mush by the rosy-cheeked urchins and kinky-headed Being natives of different provinces in the Faderland, girls who stood round the oaken table—each furnished the language used by these settlers was various, and with a large pewter spoon, and performing his or her sometimes they found difficulty in understanding one part in the dexterous game of transferring the mush to another. Their manners and customs were also diverse; the milk and then to the mouth, at all sorts of angles but the experience of a few years taught them to vary and cross purposes. The children of that day were a little from the habits familiar in their own country, especially fond of this mess, and the women skillful in for the sake of accommodating each other in this “wild its preparation. Indian land" distinctions in dress and living to which many of them petticoat of flax or cotton' warp, filled in with woollen had clung, were given up for the simpler habits of a yarn of various shades and colors; the prevailing tints pioneer people.

being green, red, yellow and blue. The yarn was dyed It is curious, in the luxurious indulgence of modern at home with leaves and flowers gathered from the time as to the table on which Southern country land- forest; and weaved in the domestic loom; and the holders pride themselves—to see on what frugal fare broader and brighter the stripes which ran through the these primitive worthies lived. Tea or coffee formed cloth, the more beautiful it was thought to be. The no part of the usual morning repast; but on Sunday, like may now be seen in what are called Duffel blanthe good wife prepared a beverage that might have had kets. a table-spoonful infused into seven or eight gallons. Over this petticoat a gown was worn, with long or Rolled cakes, or Johnny-cake shortened, were the uni- short sleeves, according to the wearer's fancy. The versal solid material for breakfast, meat of any kind gown was left open in front for the space of half a yard, being seldom used. But as a substitute for tea or coffee, which opening was covered with a thin gauze apron, a dish of soup, renewed every morning, though com- | allowing the splendid stripes of the under garment to

as they called their new home. The The dress of the younger females for Sunday, was a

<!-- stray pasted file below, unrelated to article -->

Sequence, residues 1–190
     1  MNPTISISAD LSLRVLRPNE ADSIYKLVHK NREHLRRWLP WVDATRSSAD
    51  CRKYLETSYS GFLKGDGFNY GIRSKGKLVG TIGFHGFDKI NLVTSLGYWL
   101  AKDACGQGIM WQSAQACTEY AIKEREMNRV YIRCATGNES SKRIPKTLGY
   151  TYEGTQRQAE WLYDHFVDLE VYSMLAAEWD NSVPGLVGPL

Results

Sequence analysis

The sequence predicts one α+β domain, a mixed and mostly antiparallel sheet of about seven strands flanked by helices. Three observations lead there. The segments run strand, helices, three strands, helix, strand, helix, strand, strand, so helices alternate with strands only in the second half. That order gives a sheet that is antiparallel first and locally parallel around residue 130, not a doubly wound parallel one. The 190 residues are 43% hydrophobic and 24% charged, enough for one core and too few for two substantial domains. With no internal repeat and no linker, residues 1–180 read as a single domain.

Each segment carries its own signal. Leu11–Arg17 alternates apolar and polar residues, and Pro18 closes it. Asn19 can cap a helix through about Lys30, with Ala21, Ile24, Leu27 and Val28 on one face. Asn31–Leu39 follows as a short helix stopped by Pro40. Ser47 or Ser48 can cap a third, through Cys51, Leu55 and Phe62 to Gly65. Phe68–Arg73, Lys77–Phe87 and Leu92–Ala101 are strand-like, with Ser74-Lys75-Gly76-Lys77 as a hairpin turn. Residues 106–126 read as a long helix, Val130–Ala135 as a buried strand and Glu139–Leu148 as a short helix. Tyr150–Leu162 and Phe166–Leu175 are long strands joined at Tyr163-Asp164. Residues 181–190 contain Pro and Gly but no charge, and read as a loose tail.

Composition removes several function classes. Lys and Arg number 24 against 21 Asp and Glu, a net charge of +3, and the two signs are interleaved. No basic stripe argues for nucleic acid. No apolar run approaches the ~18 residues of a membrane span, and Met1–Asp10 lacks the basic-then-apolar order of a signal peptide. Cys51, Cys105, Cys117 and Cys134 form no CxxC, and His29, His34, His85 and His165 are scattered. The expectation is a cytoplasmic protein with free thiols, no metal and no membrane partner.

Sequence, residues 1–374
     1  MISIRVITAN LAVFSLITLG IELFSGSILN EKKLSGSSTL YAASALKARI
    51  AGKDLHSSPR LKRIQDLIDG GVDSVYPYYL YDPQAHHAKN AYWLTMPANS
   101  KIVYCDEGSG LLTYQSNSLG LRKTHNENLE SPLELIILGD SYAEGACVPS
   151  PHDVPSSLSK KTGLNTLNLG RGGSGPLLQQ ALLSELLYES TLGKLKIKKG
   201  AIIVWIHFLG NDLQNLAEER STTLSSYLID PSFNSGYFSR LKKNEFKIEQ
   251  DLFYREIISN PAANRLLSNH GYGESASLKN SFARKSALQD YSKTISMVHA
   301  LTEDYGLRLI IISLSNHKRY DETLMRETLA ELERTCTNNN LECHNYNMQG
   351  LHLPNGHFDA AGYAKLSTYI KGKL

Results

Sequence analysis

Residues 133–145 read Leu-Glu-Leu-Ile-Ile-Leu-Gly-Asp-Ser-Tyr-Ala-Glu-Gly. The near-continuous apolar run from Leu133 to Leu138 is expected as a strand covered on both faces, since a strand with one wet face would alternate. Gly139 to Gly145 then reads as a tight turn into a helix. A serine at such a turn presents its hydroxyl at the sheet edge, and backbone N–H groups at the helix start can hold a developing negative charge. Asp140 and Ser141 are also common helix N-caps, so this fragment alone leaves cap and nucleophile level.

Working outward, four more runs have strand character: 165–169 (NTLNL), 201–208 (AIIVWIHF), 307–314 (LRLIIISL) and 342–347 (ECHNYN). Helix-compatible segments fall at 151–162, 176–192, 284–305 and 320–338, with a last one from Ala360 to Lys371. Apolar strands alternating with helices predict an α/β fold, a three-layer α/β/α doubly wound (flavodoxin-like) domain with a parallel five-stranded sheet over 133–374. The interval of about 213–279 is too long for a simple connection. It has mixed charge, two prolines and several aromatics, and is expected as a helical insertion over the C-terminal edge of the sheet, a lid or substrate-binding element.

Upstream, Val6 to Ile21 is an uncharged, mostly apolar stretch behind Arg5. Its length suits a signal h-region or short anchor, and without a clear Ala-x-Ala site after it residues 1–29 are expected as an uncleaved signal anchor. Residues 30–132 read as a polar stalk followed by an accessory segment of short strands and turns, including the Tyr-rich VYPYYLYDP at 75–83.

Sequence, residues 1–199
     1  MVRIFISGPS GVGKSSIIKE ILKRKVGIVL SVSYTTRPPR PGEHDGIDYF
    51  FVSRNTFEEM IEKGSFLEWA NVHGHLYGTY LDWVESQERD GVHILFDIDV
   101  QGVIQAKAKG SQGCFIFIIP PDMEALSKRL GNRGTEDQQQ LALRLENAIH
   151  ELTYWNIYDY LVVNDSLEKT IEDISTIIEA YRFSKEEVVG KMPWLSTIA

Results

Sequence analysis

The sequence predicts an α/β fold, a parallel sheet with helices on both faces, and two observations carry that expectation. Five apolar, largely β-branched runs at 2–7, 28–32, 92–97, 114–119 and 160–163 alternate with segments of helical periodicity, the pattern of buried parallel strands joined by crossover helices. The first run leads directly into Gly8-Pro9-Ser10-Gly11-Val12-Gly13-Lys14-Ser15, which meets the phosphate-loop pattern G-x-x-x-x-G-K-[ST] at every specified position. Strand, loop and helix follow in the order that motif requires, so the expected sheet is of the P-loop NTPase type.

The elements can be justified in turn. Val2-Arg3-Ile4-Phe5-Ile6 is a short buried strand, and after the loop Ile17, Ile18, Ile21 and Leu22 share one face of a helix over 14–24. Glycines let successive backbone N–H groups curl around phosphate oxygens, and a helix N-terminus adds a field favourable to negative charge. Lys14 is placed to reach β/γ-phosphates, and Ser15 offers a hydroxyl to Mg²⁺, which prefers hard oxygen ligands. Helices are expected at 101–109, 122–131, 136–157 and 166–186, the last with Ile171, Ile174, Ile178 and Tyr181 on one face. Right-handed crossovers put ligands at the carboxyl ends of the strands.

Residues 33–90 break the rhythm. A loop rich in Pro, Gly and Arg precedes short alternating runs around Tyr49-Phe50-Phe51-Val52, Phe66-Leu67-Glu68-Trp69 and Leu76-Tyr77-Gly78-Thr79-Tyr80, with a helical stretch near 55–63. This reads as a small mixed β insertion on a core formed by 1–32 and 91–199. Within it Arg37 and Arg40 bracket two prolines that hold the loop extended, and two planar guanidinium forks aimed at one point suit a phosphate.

bę plainly seen. White stockings and high-heeled shoes, y ribbons, and the fiddle had scarlet streamers a yard long and a man's hat, completed the costume in which these attached to its neck. damsels might be seen tripping to church, she who had The procession was headed by a person riding a a lover, walking hand in hand with him. The gallant steady horse, and leading that of the musician. When wore a hunting-shirt or home-made coat, with shorts or all were ranged in file, two and two, they started—the knee-breeches as they were called, and cotton stockings bride and her leader going next the fiddler, the groom or a pair of leggins without stockings, covering the leg alone, followed by his attendants, and the rest of the to the shoe. The clothing of both sexes was of home- company in order. Alighting at the church door, they manufacture, for no one among the working-people walked in, the fiddler stepping aside at the entrance ever thought of buying raiment at a store. As fashion and standing still, plying his instrument vigorously, till will reign even in the wildwoods, some articles of dress all were seated in the sacred building-still observing were in special favor, particularly buckshin breeches, the same order. The minister then went into the puland those who made them plied a profitable trade. The pit and preached a sermon suited to the occasion. He old settlers yet remember Christian Hope—or as he was then performed the ceremony of marriage, and disgenerally called-Houpt—who earned a respectable missed the assembly with a benediction, which was livelihood by the manufacture of this article. He was scarcely uttered when the fiddle was again heard at the the grandfather of the excellent and much-respected door. The party returned in the same form as before, Rev. John C. Hope, whose name is familiar in South except that the husband took the precedence, while the Carolina.